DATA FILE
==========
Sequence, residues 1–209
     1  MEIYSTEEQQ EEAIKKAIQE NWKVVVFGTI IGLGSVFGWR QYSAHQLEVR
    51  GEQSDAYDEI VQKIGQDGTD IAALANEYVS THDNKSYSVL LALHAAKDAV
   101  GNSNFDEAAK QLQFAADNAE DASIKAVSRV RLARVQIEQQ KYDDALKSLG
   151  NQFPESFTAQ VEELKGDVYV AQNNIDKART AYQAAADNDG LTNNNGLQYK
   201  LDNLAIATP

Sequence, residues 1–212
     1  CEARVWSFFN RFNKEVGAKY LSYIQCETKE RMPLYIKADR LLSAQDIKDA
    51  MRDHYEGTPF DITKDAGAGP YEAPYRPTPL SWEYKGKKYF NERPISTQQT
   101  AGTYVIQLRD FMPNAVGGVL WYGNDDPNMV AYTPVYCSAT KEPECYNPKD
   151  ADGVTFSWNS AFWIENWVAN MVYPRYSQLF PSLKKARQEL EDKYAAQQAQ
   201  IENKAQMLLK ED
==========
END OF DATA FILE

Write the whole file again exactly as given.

Sequence, residues 1–209
     1  MEIYSTEEQQ EEAIKKAIQE NWKVVVFGTI IGLGSVFGWR QYSAHQLEVR
    51  GEQSDAYDEI VQKIGQDGTD IAALANEYVS THDNKSYSVL LALHAAKDAV
   101  GNSNFDEAAK QLQFAADNAE DASIKAVSRV RLARVQIEQQ KYDDALKSLG
   151  NQFPESFTAQ VEELKGDVYV AQNNIDKART AYQAAADNDG LTNNNGLQYK
   201  LDNLAIATP

Sequence, residues 1–212
     1  CEARVWSFFN RFNKEVGAKY LSYIQCETKE RMPLYIKADR LLSAQDIKDA
    51  MRDHYEGTPF DITKDAGAGP YEAPYRPTPL SWEYKGKKYF NERPISTQQT
   101  AGTYVIQLRD FMPNAVGGVL WYGNDDPNMV AYTPVYCSAT KEPECYNPKD
   151  ADGVTFSWNS AFWIENWVAN MVYPRYSQLF PSLKKARQEL EDKYAAQQAQ
   201  IENKAQMLLK ED